HOW IS IT DIAGNOSED?
There is no single test for ADHD. Only healthcare professionals can diagnose
ADHD through interviews and assessments using standard rating scales and
special psychological, educational, and social resources.
What tests are there for ADHD?
All people with suspected ADHD will have a physical examination to rule out other medical causes of symptoms, and to determine if there might be contraindications to any ADHD medications they may be prescribed.
As part of ADHD-specific interviews, your healthcare professional may ask you to complete one or more rating scales. Rating scales and evaluations are different for children and adults.
Tests for adults and children
For children and adolescents,
an evaluation may include:
- Parent and child interviews
- Parent- and teacher-completed child
behaviour rating scales
- Parent self-report measures
- Psychological tests
- Review of school and medical records
For adults, the diagnosis
- ADHD symptom checklists
- Behaviour rating scales
- A detailed history of past and present symptoms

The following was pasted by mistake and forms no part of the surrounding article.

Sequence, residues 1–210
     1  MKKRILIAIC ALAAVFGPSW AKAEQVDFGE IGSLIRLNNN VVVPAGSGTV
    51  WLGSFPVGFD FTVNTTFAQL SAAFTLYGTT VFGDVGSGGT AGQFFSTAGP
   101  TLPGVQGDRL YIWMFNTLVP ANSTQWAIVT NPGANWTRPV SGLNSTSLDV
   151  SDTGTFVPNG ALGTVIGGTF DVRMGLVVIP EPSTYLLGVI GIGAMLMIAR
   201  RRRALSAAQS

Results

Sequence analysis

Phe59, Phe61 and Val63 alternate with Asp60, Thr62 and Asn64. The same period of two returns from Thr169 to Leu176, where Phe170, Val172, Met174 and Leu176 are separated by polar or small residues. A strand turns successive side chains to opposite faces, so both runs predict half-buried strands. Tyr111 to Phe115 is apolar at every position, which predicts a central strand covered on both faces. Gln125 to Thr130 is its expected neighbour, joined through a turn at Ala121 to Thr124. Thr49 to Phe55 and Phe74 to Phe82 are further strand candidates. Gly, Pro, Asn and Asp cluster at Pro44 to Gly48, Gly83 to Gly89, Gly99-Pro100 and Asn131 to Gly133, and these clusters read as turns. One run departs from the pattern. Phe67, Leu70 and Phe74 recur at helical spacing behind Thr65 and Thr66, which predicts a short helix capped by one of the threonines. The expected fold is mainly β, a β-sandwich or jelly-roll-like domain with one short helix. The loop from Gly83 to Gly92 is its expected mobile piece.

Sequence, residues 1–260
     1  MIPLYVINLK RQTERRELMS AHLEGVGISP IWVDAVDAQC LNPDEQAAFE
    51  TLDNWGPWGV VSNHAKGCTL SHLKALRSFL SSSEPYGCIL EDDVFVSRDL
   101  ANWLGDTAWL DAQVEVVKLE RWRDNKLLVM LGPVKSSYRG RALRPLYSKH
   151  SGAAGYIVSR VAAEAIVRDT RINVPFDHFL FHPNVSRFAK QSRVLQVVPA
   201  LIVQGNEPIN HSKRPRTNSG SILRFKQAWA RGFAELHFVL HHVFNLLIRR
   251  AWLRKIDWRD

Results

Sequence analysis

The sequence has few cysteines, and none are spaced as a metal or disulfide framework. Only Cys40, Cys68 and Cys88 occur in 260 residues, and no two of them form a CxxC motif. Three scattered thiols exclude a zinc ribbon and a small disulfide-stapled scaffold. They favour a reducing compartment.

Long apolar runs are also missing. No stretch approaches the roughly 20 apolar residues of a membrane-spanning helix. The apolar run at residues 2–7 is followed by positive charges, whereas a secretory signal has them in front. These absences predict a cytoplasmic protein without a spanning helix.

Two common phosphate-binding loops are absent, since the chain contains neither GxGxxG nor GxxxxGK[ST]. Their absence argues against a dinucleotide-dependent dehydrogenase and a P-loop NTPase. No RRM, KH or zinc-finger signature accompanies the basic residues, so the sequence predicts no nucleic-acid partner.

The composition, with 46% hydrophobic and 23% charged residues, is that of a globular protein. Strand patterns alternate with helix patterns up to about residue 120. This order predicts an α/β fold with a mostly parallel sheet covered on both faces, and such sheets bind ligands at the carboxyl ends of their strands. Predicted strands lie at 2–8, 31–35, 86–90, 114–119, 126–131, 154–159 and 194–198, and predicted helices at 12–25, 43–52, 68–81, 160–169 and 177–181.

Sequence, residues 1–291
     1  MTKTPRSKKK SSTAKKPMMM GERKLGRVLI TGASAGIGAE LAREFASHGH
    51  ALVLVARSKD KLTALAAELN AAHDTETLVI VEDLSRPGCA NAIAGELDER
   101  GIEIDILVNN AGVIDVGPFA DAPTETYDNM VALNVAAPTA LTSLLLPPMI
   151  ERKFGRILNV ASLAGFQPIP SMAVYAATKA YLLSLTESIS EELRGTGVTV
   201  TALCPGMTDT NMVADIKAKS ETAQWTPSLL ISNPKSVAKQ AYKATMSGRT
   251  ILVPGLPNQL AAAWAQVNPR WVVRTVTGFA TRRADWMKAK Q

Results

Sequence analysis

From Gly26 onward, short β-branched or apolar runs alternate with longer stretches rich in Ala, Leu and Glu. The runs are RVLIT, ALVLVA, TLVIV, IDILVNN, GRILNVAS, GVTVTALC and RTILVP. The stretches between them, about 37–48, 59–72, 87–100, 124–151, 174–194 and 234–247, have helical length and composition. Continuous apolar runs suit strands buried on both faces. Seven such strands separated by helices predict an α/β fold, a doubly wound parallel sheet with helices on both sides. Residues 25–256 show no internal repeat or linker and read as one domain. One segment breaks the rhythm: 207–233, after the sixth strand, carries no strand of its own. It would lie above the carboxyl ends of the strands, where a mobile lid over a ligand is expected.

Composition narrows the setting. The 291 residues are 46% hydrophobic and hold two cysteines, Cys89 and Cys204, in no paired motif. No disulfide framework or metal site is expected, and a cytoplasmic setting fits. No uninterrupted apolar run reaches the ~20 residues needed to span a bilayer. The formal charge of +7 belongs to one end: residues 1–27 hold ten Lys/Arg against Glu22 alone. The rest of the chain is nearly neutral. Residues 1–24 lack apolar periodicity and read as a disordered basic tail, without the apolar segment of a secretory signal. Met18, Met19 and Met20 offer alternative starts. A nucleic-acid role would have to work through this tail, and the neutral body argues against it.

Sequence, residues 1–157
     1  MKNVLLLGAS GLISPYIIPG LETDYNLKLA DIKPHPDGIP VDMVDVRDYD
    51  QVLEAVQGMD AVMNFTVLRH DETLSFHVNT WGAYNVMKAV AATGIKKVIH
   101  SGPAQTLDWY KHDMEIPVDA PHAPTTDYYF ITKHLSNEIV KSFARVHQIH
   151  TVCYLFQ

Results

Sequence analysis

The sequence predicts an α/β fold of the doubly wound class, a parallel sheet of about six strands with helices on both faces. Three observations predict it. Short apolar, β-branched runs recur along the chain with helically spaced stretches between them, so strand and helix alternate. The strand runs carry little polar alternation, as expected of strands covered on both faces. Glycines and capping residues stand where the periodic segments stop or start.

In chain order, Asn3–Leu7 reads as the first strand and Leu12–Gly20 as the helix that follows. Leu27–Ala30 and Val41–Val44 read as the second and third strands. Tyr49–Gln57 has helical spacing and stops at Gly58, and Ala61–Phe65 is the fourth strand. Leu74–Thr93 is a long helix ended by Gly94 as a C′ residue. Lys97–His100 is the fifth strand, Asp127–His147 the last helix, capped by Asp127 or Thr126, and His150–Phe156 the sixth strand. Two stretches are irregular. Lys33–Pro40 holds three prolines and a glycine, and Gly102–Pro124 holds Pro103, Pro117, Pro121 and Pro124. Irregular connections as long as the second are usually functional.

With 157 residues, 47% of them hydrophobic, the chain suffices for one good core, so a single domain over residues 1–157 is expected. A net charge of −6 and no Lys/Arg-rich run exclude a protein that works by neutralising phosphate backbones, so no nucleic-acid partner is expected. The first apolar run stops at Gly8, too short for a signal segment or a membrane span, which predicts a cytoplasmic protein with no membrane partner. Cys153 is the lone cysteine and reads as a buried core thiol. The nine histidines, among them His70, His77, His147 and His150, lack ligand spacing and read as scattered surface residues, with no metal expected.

- Information from family members
- Click to download the SNAP
ADHD CHILD ASSESSMENT FORM
- Click to download the ADULT
SELF-REPORT SCALE (ASRS)
When ADHD occurs with another disorder
Most of the time, ADHD does not exist alone. Other conditions often occur with ADHD. These are called comorbidities. Comorbidities may start early in life and continue into adulthood and need to be addressed accordingly.
The most common disorder seen in children with ADHD is oppositional defiant disorder (ODD), a condition with an ongoing pattern of losing one’s temper, anger, resentment, and refusing to obey rules. Many children with ADHD may also have a learning disability that could affect their reading, spelling, math, or writing skills.
In the school-age years, some ADHD patients may notice symptoms of anxiety or tics.
In teenagers and adults:
Mood disorders, such as depression are more commonly seen in teenagers and adults with ADHD. Adults with ADHD are also more likely to have anxiety disorders and/or psychiatric disorders, such as personality disorders and substance use disorders.
When other problems exist along with ADHD, your doctor will consider which treatments will work best together.